Q. A couple weeks ago you had to make that tough decision to retire to Pliskova. I'm wondering, how is the ab? Do you think that maybe pulling the ripcord on that match allowed you to prep and be ready for this match?
NAOMI OSAKA: Yeah, well, like having to withdraw really hurt my feelings, especially since I was playing the No. 1, and I felt like I was doing really well.

But, again, I didn't want to do the same thing I did against Konta in Germany and, like, overplay and not even be able to get in the situation to win the match.

So I guess retiring, I went back home and I trained for two weeks and I did a lot of fitness and stuff, and I feel like that really helped playing against her, because she's a really solid player.

Q. Last year after the Madison match, you said you felt that if you are really that good, you might not need experience. I'm curious now, having this experience, if that changes your approach or if you feel this will do anything for you going forward?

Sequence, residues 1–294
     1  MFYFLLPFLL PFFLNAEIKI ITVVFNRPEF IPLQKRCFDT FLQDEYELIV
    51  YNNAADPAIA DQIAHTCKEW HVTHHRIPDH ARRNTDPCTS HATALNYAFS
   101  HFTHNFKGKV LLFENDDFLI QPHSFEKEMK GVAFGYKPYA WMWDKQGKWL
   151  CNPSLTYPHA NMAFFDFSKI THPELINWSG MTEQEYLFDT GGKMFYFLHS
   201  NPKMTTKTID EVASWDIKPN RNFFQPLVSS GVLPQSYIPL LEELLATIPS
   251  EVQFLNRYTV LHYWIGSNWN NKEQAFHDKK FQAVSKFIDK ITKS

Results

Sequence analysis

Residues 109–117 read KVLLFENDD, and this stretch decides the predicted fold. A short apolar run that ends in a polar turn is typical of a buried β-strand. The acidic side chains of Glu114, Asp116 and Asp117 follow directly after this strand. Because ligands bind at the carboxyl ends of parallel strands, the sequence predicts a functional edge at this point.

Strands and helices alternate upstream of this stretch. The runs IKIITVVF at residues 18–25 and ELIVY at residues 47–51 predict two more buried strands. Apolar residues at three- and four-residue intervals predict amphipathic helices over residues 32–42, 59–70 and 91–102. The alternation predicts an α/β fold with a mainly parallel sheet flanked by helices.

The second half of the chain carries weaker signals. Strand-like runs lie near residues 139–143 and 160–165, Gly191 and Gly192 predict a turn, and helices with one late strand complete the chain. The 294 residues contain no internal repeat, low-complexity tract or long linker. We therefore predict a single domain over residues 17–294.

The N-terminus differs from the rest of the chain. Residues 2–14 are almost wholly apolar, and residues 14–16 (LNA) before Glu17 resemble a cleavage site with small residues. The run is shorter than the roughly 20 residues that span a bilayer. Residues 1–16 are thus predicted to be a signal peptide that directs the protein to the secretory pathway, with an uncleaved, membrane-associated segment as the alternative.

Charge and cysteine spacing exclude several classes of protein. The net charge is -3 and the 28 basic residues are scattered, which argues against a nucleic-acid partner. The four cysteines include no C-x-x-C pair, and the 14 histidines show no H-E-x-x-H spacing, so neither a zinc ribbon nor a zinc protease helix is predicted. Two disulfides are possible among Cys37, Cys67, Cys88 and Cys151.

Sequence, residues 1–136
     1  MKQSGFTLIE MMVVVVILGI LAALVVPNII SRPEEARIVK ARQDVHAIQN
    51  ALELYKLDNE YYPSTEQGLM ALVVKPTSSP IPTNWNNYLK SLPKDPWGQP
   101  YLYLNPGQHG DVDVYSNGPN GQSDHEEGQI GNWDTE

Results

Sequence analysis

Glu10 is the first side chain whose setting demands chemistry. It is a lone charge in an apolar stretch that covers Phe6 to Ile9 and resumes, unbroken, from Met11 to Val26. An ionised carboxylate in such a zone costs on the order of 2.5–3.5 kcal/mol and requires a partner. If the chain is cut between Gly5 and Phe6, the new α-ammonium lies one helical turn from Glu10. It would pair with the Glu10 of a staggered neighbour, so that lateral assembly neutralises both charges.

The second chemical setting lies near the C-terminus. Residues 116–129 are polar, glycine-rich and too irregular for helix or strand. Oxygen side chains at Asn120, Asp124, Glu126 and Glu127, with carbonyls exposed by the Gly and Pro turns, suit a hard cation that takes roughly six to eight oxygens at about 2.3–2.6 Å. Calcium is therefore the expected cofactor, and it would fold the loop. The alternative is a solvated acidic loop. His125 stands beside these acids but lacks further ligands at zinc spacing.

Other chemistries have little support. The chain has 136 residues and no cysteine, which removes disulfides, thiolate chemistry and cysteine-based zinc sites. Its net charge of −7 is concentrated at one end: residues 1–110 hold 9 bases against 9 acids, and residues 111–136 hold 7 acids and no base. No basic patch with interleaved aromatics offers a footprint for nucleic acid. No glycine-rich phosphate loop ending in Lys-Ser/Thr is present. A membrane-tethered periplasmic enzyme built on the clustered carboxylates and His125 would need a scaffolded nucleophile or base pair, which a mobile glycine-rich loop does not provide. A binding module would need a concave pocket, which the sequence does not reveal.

NAOMI OSAKA: Well, I mean, the experience last year helped me this year, so, I mean, experience helps me, but I know there are other people that don't need experience. Moving forward, I feel like I know that I can play with the top players now, so I don't have to be as nervous as I was today.

Q. Your coaches had a champion here and worked with a couple of world No. 1s. What has Dave brought to your game and how has he helped you to develop?
NAOMI OSAKA: Uh-huh (smiling). Huh. Well, I mean, he talks to me a lot about positivity, because I tend to be really negative on myself and to the point where I don't really know what I'm doing anymore.

So, like, these past -- since Toronto, I would say, I have been being really solid about that. And also, he's helped me with my serve and my forehand and a lot of other stuff (smiling).